J Physiol Pharmacol. 2014 Dec;65(6):791-800.

The dynamics of heat shock system activation in Monomac-6 cells upon Helicobacter pylori infection.

Pierzchalski P, Jastrzebska M, Link-Lenczowski P, Leja-Szpak A, Bonior J, Jaworek J, Okon K, Wojcik P.

Faculty of Health Sciences, Department of Medical Physiology, Jagiellonian University Medical College, Cracow, Poland. piotr.pierzchalski@uj.edu.pl.

 

Abstract

Immune system cells, particularly phagocytes, are exposed to direct contact with pathogens. Because of its nature – elimination of pathogenes – their cytoprotective systems supposed to be quick and forceful. Physiological consequence of phagocytosis for the phagocyte is the apoptotic death to prevent the eventual survival of bacteria as intracellular parasites. However, in some cases, defense systems used by the bacteria force the immune cells to prolong the contact with the pathogen for its effective elimination. Experiments were performed on Monomac-6 cells exposed to live CagA, VacA expressing Helicobacter pylori (H. pylori) over different period of time. Total cellular RNA, cytoplasmic and nuclear proteins were isolated for polymerase chain reaction, Western-blot and electrophoretic mobility shift assay, respectively. We found that Monomac-6 cells infection with H. pylori resulted in the translocation of the entire cellular content of the heat shock protein 70 (HSP70) into the cytoplasm, where its presence could protect cell against toxic products of engulfed bacteria and premature apoptosis. At the same time the nuclear translocation of heat shock factor 1 (HSF-1) and activation of HSP70 gene transcription was noticed. Action of HSP70 might to postpone monocyte apoptosis through protecting cytoplasmic and nuclear proteins from damaging effect of bacterial products, what could be the defending mechanism against the toxic stress caused by engulfed bacteria and provide the immune cell with the sufficient amount of time required for neutralization of the bacteria from phagosomes, even at the expense of temporary lack of the protection of nuclear proteins.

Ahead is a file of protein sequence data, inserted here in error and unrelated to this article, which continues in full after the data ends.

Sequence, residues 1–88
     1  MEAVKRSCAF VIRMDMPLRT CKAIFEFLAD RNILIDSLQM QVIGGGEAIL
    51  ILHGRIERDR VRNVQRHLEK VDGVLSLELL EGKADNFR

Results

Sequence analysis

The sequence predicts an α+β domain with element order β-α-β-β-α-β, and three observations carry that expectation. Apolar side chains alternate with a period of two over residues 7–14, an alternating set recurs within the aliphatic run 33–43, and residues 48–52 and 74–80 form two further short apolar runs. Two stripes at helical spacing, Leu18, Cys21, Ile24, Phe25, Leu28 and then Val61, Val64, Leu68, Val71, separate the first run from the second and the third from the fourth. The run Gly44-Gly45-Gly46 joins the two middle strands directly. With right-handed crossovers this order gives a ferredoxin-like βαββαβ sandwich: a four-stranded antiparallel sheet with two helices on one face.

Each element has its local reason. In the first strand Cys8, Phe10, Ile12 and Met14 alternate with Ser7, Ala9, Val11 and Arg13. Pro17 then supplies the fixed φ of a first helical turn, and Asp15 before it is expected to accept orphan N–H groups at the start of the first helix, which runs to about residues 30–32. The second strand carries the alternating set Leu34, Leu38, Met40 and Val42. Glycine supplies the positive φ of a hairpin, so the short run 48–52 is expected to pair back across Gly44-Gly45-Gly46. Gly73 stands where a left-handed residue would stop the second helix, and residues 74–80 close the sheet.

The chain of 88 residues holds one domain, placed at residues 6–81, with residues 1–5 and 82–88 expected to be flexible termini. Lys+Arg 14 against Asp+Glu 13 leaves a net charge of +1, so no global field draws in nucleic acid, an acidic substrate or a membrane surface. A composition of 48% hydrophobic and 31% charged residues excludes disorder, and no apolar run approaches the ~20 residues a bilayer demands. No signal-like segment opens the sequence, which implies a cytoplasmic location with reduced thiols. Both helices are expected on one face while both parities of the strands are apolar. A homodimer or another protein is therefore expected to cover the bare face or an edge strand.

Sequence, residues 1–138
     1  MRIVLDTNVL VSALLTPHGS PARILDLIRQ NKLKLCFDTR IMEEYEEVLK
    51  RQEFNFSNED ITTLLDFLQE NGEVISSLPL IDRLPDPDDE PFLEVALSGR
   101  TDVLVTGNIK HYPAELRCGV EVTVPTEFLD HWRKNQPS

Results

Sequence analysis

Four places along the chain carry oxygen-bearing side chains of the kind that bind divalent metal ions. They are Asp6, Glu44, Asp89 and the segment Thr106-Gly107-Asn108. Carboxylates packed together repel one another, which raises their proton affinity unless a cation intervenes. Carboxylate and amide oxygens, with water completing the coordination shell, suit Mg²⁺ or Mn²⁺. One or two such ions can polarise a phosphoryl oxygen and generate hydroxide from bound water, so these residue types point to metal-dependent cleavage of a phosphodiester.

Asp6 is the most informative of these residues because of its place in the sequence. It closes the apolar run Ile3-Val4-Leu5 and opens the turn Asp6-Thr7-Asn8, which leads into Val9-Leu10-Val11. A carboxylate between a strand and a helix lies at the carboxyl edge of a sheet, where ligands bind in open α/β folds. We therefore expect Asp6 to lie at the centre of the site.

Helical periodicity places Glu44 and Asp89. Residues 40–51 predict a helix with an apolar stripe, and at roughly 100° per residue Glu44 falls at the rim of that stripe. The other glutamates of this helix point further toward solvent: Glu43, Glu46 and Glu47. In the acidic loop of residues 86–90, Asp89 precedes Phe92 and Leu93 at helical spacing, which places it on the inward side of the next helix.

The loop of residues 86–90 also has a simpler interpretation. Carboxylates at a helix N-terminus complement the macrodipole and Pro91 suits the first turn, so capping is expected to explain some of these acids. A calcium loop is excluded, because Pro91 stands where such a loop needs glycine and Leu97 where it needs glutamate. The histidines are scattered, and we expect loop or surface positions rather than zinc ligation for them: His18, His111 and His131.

PMID: 25554983

 

Supplements:

Immune system cells, particularly phagocytes, are exposed to direct contact with pathogens. Because of its nature – elimination of pathogenes – their cytoprotective systems supposed to be quick and forceful. Physiological consequence of phagocytosis for the phagocyte is the apoptotic death to prevent the eventual survival of bacteria as intracellular parasites. However, in some cases, defense systems used by the bacteria force the immune cells to prolong the contact with the pathogen for its effective elimination. The heat shock system is one of the most important in regard to maintenance of cellular homeostasis. In certain situations, this system favors reactions leading to cell death, in others to the contrary, promotes cell survival. Such a “Janus attitude” is nothing new in biology and is represented by several molecular “switches”.